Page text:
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Friday, March 22, 2019  Spokane, Washington  Est. May 19, 1883
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White-flowering plants light up the night

Gardener Rose Jacobus weeds in a portion of her garden near Spangle, where she cultivates mostly white flowering plants. She calls it a “moon garden” because it’s best viewed under a full moon, when the many white flowers catch the moonlight. (Jesse Tinsley)
Gardener Rose Jacobus weeds in a portion of her garden near Spangle, where she cultivates mostly white flowering plants. She calls it a “moon garden” because it’s best viewed under a full moon, when the many white flowers catch the moonlight. (Jesse Tinsley)

Two years ago, I wrote about Master Gardener Rose Jacobus and her large garden in southwest Spokane County. One of her newest projects was designing and planting a moon garden.

Moon gardens, also known as white gardens, get their name from being planted with white flowers that stand out in the moonlight. I thought it was time to check back with her and find out how her moon garden is coming along.

According to author Barbara Damrosch in “Theme Gardens” (Workman Publishing, 250 pp., $22.95), “A garden planted with only white flowers is by day a pleasing and unusual picture. By night it is enchantment. In the daylight it has a feeling of coolness and refinement. … In the moonlight the shapes of the flowers stand out as if they themselves were lights.”

Jacobus got the idea for her moon garden from a magazine.

“While I was reading about it, I thought a moon garden sounded kind of nice,” she said. “I made a list of the flowers I like, changed the design to fit what I wanted, and drew it to scale.”

Her moon garden comprises two beds shaped like crescent moons – both planted with white flowers – and a center bed in between them planted for contrast. It contains pink and red geraniums, pink roses and lavender, and has a weeping atlas cedar in the center.

The crescent-shaped beds are a mix of white-flowering perennials, biennials, annuals, shrubs, vines and a groundcover.

Perennial plants come up year after year. Jacobus has chosen campanula Clips White, candytuft, columbine, daylilies, delphiniums, dianthus, geraniums, Oriental lilies, peonies, phlox, sedum and Shasta daisies.

Biennials spend their first year developing a good root system, then send up a flower stalk and bloom the second year. Foxgloves and hollyhocks are two examples.

Annuals grow, bloom, set seed and die in a single season and provide a long bloom period. Jacobus selected white petunias and marigolds for her moon garden. She also has edged it with alyssum in previous years.

She has chosen some stunning white-flowering roses to complement the other plantings. Two climbing roses are Mrs. Herbert Stevens, with ivory-white blossoms, and Iceberg Climber, which is a repeat bloomer. Both are moderately fragrant, which adds to the moon garden experience, as do the lilies with their intoxicating perfume.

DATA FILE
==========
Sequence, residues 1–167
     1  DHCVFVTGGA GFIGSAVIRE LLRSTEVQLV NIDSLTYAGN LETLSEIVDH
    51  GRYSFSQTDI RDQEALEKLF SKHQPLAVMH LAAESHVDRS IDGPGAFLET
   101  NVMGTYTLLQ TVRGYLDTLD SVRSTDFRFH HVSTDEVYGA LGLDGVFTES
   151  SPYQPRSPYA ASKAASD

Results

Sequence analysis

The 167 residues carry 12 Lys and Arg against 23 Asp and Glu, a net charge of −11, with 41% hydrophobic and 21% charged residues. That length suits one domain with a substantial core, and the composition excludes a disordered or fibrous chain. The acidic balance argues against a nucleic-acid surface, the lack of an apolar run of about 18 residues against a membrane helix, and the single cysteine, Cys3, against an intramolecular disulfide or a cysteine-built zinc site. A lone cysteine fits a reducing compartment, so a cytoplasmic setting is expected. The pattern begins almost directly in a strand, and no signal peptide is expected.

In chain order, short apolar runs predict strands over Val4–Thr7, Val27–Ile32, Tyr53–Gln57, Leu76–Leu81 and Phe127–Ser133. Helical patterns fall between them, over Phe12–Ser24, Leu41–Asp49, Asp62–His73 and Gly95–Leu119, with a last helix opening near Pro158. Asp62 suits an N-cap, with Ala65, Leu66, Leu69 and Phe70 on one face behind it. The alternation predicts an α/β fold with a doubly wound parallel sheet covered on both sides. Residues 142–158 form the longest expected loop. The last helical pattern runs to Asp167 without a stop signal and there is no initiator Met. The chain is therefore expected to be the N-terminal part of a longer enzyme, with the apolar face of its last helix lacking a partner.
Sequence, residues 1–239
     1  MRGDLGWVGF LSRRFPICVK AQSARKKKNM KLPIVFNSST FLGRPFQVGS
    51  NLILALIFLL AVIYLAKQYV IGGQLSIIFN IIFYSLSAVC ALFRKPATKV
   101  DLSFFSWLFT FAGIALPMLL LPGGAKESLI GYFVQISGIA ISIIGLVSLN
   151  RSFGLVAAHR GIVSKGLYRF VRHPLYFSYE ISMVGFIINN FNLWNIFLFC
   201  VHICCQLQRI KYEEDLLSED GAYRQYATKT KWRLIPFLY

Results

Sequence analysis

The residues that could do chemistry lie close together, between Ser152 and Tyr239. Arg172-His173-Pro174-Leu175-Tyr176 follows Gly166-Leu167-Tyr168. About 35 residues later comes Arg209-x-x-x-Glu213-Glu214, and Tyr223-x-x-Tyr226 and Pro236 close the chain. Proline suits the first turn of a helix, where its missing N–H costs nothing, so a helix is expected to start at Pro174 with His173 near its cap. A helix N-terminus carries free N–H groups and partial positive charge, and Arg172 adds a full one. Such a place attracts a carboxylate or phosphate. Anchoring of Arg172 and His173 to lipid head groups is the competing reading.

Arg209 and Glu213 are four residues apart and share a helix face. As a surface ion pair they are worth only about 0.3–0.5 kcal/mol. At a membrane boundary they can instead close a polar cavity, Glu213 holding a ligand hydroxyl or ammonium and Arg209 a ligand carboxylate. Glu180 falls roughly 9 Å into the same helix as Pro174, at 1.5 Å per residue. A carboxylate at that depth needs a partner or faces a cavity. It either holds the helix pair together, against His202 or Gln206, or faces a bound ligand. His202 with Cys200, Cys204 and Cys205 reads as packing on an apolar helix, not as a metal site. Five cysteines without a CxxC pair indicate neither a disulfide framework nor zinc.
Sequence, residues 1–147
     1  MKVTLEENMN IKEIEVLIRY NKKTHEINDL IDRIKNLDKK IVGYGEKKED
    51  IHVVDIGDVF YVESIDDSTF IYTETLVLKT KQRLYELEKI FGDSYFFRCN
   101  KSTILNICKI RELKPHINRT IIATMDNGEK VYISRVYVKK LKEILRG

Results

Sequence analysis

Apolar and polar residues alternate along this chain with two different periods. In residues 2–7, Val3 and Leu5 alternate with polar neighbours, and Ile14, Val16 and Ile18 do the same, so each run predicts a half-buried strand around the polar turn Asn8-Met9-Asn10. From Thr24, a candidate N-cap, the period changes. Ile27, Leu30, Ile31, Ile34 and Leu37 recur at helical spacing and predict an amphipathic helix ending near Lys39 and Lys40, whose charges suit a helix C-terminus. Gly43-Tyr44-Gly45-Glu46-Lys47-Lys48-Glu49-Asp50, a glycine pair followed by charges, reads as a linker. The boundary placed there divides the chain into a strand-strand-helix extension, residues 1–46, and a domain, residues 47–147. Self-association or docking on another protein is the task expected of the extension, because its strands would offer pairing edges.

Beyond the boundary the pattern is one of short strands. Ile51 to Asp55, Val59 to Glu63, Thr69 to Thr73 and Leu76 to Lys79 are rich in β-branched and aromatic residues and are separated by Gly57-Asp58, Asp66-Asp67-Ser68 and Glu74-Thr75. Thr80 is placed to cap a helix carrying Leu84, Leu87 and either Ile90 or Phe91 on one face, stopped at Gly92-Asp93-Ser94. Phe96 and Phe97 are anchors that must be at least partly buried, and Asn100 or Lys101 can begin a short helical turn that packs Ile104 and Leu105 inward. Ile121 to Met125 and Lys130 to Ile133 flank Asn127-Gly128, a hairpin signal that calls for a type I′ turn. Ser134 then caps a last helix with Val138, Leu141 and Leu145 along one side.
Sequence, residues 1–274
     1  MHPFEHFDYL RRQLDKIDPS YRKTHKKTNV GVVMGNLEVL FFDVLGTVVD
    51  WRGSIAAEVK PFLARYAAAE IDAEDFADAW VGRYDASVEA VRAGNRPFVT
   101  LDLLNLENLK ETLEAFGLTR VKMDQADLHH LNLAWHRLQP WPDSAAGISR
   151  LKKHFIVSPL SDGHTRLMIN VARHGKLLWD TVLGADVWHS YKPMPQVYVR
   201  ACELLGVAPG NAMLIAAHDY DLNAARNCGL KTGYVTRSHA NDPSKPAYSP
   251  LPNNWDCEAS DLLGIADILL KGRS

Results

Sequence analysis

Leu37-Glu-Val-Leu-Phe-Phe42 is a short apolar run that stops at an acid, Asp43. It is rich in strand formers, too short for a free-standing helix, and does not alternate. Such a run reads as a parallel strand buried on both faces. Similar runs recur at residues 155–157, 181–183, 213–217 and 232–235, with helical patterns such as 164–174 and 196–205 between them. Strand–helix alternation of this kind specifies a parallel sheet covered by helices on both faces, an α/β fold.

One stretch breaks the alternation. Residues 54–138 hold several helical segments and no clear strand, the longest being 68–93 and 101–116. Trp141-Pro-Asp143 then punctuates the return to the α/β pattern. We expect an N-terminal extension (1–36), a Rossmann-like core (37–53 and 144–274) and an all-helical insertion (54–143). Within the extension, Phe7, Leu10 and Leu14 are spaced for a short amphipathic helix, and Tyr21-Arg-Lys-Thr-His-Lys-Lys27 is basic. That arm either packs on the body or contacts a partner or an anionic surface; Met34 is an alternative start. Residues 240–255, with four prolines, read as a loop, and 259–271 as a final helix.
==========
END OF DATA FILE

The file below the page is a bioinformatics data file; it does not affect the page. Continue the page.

She also is growing Bull’s Eye rose, which has ivory flowers with a cranberry-red eye and is a repeat-bloomer; White Meidiland, a compact shrub rose with pure white blossoms; and Claire Austin, which is a David Austin English rose with fragrant, creamy-white flowers.

The display is rounded off with Incrediball hydrangeas and Vancouver Fragrant Star clematis vines.

What’s on her wish list?

“I’d like to find more white double Oriental lilies because I really like those,” she admitted. “And I’d like more single white peonies.”

While you’d think her plant needs would be hard on her budget, what you don’t know is that Jacobus is a whiz at plant propagation.

She excels at seed-starting, taking cuttings and getting most anything to grow. She has been known to start willows from twigs found in floral arrangements and other plants from neighbors’ prunings. And she has a keen eye for good deals.

“I propagate a lot of plants so that cuts way down on expenses,” she shared. “I watch for my favorite flowers to go on sale and keep an eye out for bargains. A lot of nurseries have closeout sales going on right now.”

She buys all of her seeds from the English seed company, Thompson & Morgan (, and Park Seed (

Like all gardeners, Jacobus has a few challenges to deal with in her garden.

“Trying to keep everything deadheaded and watered are two big ones,” she said. “Watering is challenging because the moon garden is planted on a slope. I have to water it every day when it’s hot and am in the process of adding a lot of compost and mulch to keep the soil from drying out.”

She also deals with gophers and voles in her garden but has had good success with two products, Repellex and MoleMax.

While she is considering expanding the size of her moon garden a bit, Jacobus feels it has performed as advertised in the gardening magazine that got her started.

“I like to see all of the beautiful white flowers, especially at night,” she said. “It’s so pretty on nights with a full moon. I can sit on the bench and just enjoy it. It really gives me a lot of peace.”

Susan Mulvihill can be reached via email at Visit her blog at susansinthe for more gardening information.

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